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title: 'The Day book. (Chicago, Ill.) 1911-1917, November 12, 1913, Image 9',
meta: 'News about Chronicling America - RSS Feed',
Image provided by: University of Illinois at Urbana-Champaign Library, Urbana, IL
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BOXING ALL THE LATEST DOPE BASEBALL
Who Said That a Press Agent's Job
Was Real Work!!!
Trading of Doc White Is the Latest
Morning papers are devoting much
space to a stunt pulled off at Nate
Lewis' gymnasium yesterday, indi
cating how easy it is for the prize
fight press agent to put over any old
moth-eaten yarn he can think of.
Arthur Pelkey and his manager,
Tommy Burns, are in town. So are
Jess Willard and Tom Jones. Both of
the fighters are heavyweights. They
met in. Lewis' gym yesterday, and, as
is usual, the managers threw away
the safety valve and talked largely
of the abilities of their meal tickets.
One challenged the other to put on
an impromptu fight.
Willard and Pelkey then stripped
to ring togs, climbed thrqugh the
ropes and gave each other hard
looks. Before they could exchange a
wallop Lewis opportunely appeared
and said a boxing match was a viola
tion of the law.
It was a fine little burlesque. But
If Lewis had failed to carry out his
share of the show the fighters might
have been forced to slap each other
without the-, formality of a few
months of training and the writing of
blood-curdling defis by their man
agers'1. Burns is trying to match Pelkey
with Gunboat Smith on the Pacific
coast, the winner of the bout to claim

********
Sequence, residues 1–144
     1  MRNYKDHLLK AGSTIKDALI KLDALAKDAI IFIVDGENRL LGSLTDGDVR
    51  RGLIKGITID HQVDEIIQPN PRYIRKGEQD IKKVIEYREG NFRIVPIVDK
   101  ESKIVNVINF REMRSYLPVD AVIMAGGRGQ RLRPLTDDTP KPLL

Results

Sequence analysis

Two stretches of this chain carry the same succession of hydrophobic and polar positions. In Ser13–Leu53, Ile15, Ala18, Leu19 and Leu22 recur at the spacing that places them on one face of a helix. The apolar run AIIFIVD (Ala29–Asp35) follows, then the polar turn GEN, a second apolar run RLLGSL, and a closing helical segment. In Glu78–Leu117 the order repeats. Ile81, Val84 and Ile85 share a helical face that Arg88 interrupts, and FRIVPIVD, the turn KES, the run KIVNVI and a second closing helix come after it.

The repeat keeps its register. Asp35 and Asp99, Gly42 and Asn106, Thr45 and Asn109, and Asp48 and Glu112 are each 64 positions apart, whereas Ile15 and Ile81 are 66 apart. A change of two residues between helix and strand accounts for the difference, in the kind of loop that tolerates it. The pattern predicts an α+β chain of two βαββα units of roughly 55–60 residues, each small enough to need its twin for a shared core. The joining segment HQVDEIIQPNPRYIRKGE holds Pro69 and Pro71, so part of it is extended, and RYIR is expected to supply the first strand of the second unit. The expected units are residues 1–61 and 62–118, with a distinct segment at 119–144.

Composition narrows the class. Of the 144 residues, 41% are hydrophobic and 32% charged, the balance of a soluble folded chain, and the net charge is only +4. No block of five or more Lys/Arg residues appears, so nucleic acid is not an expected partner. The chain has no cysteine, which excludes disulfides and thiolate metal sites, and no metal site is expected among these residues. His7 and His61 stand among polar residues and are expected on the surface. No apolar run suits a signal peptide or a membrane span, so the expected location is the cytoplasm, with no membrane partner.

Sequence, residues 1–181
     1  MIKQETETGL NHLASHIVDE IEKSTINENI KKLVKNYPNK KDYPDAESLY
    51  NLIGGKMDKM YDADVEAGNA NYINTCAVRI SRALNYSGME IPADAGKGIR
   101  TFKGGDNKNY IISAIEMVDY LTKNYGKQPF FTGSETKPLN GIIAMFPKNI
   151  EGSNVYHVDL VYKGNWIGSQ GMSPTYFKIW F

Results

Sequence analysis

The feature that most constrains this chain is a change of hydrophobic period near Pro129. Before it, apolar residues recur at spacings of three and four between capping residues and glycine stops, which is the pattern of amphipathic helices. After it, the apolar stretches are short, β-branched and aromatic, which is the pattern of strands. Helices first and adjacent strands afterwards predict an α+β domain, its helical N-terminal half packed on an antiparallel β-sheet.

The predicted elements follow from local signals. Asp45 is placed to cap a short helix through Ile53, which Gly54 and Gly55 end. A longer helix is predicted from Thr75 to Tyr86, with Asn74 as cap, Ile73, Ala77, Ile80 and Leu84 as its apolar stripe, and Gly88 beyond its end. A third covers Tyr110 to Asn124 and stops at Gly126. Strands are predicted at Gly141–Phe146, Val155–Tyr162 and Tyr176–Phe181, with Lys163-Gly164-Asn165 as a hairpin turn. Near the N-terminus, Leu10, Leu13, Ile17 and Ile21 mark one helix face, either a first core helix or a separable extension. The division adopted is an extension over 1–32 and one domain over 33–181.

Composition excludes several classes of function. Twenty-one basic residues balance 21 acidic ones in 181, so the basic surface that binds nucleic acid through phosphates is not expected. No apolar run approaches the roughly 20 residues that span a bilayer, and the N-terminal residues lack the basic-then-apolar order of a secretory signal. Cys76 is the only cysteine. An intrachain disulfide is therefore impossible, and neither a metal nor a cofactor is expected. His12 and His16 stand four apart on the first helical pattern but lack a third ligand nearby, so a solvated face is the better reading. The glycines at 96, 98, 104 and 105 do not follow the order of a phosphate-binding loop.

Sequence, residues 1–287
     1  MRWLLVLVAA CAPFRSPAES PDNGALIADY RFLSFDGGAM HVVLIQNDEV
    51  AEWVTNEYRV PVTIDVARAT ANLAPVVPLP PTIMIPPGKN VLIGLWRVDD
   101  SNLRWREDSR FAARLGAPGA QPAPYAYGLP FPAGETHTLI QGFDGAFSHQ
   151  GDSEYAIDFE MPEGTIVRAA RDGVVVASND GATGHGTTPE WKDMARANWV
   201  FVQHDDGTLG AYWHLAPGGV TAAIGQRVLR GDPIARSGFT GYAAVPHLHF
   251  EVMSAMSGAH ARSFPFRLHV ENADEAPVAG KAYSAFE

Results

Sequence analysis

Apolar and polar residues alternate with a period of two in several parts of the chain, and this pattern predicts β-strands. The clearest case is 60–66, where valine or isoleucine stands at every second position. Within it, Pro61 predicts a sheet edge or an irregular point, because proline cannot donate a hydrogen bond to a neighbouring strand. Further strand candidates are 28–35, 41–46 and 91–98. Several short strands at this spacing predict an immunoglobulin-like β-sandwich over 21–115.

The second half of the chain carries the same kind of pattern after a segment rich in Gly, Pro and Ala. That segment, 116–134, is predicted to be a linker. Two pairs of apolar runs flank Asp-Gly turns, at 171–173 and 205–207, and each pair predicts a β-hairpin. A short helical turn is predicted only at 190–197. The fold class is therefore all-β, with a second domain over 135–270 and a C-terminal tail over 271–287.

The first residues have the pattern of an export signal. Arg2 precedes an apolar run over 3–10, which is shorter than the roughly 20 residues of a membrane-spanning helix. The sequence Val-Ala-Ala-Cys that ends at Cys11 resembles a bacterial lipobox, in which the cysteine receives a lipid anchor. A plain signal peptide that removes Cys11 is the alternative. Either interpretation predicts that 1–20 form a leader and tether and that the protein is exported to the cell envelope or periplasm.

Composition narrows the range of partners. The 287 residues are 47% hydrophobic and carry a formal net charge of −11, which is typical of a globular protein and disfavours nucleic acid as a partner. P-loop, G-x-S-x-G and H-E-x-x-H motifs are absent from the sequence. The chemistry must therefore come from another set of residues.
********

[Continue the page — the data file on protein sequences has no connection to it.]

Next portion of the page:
the heavyweight championship.
Smith is willing, but no date has been
selected by San Francisco promoters.
Johnny Tillman of Minneapolis
licked Jimmy Murphy of Chicago in
a ten-round bout at Superior, Wis.
Tillman had the better of eight out
of ten rounds.
Willie Ritchie says Leach Cross is
the best man he ever met. Sure he
does. That statement boosts his own
game. Incidentally Willie got $10,650
for the ten rounds.
. .bij iu. ,
Congratulations to Doc White, the
eminent pitcher and vaudevillairi,
now appearing at a local theater in
a singing act Doc is just as effective
wtih his voice as he ever was with
his famous left fin.
These felicitations are being slip
ped the Sox veteran because he is
providing baseball dope. He is an
oasis in an arid desert Doc admits
that his playing days are about over
and his major league career is run.
He still has a year's contract with
President Comiskey, but declares he
will not be of much value as a reg
For several weeks White, with
Comiskey's permission, has been
dickering with minor clubs who
wanted him as manager. He received
a good offer from Prank Isbell, an
other former Sock, who has charge
of Des Moines in the Western League.
Now he is being sought as a pilot
by Hap Hogan, -who directs the Ven
ice club of the Pacific Coast League.
White has heard nothing direct from
Hogan, but the former Brown said
yesterday at the minor league meet
ing in Columbus that he would see
White before he went back to Cali
fornia. Doc likes California, and has fre
quently expressed a desire to take
hold of a team out in Hiram John
son's state. If he gets a better offer
from some Southern League" or
American Association team he will
take it, however.
It is hoped that Doc will delay
signing anywhere for a week or so.
In the meantime thet experts can
trade him all over the country. He
is good dope material, and badly
needed now in the business.
Secretary Grabiner of the White
Sox has gone to California to arrange
the spring tour of the South Eiders;
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